Mourning Mercies

The other day I went to Culver’s to pick up lunch. At the drive thru window I saw a young African American man that has worked there for many years. He gave me a bright smile and asked, “How are you?”

“Im fine,” I said, as I smiled and handed him some cash.

“How’s your mom and dad?”

“Mom passed away,” I said. He looked sad as he took my money and turned to the cash register. “Mom passed away, ” I repeated, and I tried to smile a bit, to show him it was okay to ask. And that I was okay. He nodded sadly as he handed me my change, and drink.

I pulled ahead to wait for my order. And the heaviness of mourning came over me. My thoughts flashed back to the past, when Mom was still able to get out, and every Tuesday I took her and Dad to Culver’s, and Dad bought us all lunch. I remembered sitting in the booth across from them, as they sat shoulder to shoulder. I thought of the managers who got to know us because of our frequent visits, and who were so friendly and kind.

I remembered how whenever Mom got up to use the restroom, or when it was time to leave, if there were any little children or babies around she would stop to talk to them. And I would wonder what the parents thought, as they smiled. Sometimes Mama would point her cane right at a little one’s face to tease them. Then I would apologize for Mama and draw her away.

There was something sweet about sitting in a booth with Mom and Dad. I’d run to refill their sodas. I’d order frozen custard cones when we were done with our meals.

Eventually it became too hard to take Mom out. I’d bring food home instead. And the managers and some of the staff at Culver’s would ask how Mom and Dad were doing. It was nice that they were known and thought of fondly.

Because so many of the people who have offered sympathy to me over the past few months never knew my mama. I’m so grateful for the love and concern they’ve expressed to me over my loss. I know it’s heartfelt and real.

But there is a special comfort in hearing from those who actually knew my precious Mama. Most of her friends have already passed on or moved away, and our extended family all live far away. When a former neighbor, who had moved out of state decades ago, heard about Mom’s death she sent a sympathy card. She shared memories and kind words about Mom that touched my heart. And I felt compelled to send her a program from the memorial service and a copy of the eulogy I had written.

I feel drawn to those who knew Mama, especially those of her own generation, when she was full of life and health. Like somehow if I connect with them I’m closer to Mom again.

But Mom’s best friends went Home ¬†before her. And I picture them now welcoming her in heaven with hearty hugs and big smiles. I can see them sitting around a table, shoulder to shoulder, sipping tea and sharing stories and laughing.

And so I can smile, even though it’s often through tears these days. And I’m thankful for the friendly young man who asked about Mom and Dad at Culver’s. Even though he didn’t know what to say, I could tell he cared.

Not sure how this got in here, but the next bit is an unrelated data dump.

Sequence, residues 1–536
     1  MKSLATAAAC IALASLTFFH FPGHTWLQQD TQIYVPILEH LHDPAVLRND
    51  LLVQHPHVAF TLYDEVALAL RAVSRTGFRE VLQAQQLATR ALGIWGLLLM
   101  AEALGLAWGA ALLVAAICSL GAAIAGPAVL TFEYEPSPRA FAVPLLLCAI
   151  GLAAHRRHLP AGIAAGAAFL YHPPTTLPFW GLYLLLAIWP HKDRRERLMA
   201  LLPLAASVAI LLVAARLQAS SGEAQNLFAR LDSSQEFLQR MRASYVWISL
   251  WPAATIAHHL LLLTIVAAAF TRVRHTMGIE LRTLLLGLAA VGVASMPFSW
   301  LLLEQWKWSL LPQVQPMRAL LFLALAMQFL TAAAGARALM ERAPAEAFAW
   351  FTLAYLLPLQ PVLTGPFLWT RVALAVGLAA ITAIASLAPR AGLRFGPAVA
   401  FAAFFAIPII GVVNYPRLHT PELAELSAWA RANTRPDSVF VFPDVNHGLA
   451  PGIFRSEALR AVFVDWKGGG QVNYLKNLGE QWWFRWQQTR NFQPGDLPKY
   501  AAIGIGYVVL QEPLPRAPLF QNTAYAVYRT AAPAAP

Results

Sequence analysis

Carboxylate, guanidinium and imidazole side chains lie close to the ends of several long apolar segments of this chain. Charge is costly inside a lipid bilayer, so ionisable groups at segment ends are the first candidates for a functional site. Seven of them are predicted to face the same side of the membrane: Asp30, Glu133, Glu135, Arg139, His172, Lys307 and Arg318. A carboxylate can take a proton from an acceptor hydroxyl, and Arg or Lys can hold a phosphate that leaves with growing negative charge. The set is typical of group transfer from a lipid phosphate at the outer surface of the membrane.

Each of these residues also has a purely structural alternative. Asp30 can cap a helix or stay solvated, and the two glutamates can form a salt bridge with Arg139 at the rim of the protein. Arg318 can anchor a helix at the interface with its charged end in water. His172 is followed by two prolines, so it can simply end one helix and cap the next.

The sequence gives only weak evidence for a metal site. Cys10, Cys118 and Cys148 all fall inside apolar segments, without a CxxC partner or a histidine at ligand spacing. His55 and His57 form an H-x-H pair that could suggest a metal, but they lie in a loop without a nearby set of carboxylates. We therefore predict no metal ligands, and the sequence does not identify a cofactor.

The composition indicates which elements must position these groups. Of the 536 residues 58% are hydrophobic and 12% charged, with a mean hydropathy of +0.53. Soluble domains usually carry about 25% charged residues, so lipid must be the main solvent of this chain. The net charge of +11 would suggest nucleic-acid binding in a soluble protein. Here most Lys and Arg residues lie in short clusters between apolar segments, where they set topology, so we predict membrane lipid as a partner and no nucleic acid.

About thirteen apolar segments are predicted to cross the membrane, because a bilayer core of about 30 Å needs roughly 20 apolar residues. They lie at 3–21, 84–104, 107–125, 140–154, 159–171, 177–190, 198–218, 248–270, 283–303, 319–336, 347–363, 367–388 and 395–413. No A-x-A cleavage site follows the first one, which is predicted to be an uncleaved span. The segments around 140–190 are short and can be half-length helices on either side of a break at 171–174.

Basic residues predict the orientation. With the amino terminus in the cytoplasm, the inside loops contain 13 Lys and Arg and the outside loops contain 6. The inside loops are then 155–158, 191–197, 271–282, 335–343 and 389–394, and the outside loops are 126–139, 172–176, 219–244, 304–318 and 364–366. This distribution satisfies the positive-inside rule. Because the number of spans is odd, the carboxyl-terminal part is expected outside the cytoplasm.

And there is a gentle mercy in knowing Mama is remembered.

 

 

 

Keep the Love

Sometimes I truly believe God speaks His wisdom through Mama, despite her severe dementia, and sends me the words I need to hear…

It has been such a hard week. Without going into details, let me just say, that when a family is sharing caregiving responsibilities, people can feel over worked and overwhelmed. And when we see a loved one declining emotions run strong, and sometimes too loudly.

Even the most loving people can disagree about what needs to happen when and how, and what is best for all concerned. And sometimes people speak in the stress of it all and say things they don’t really mean. And backs and bodies can be injured moving Mama and feelings can be injured by attitudes and words.

Sometimes you cry the whole drive to church and wonder if you should even go in to offer worship to God  when you know there is a whole wall of hurt between you and a family member that needs to come down and the weight of it all sits on your heart.

And I’m thankful for my wise husband, who sympathizes with me, but urges me to give grace. And reminds me of the stress we’re all under and the grieving we are all going through. And he says to me, “The important thing is to keep loving each other.” And keep forgiving. And don’t let Satan win ground here. And I know he is right.

So some of us apologized. And talked. And we cried and hugged each other. And others of us somehow found a wordless peace.

And then my daughter texted last night, as she was putting Mama to bed.

And the text read, “Grandma says…’Keep the love.'”

And my eyes misted and my heart warmed. And I felt like God was advising me through my Mama once again.

Keep the love.

What perfect words.

Yes, Mama, with God’s help we will. You raised a loving family. And you nurtured us well. And you poured love into your children and grandchildren. You filled us up, Mama.

And I pray that through all these challenges we won’t lose a drop of that love. I pray rather that our love will grow stronger, for God and each other. And that He will help us persevere through the hard stuff. And I pray that His love will fill us to overflowing and spill out so all around us know His love.

And I pray that you feel and know that love, Mama. I pray that you know how cherished and honored you are.

And with God’s help, we will keep the love, until we are all gathered together again for eternity.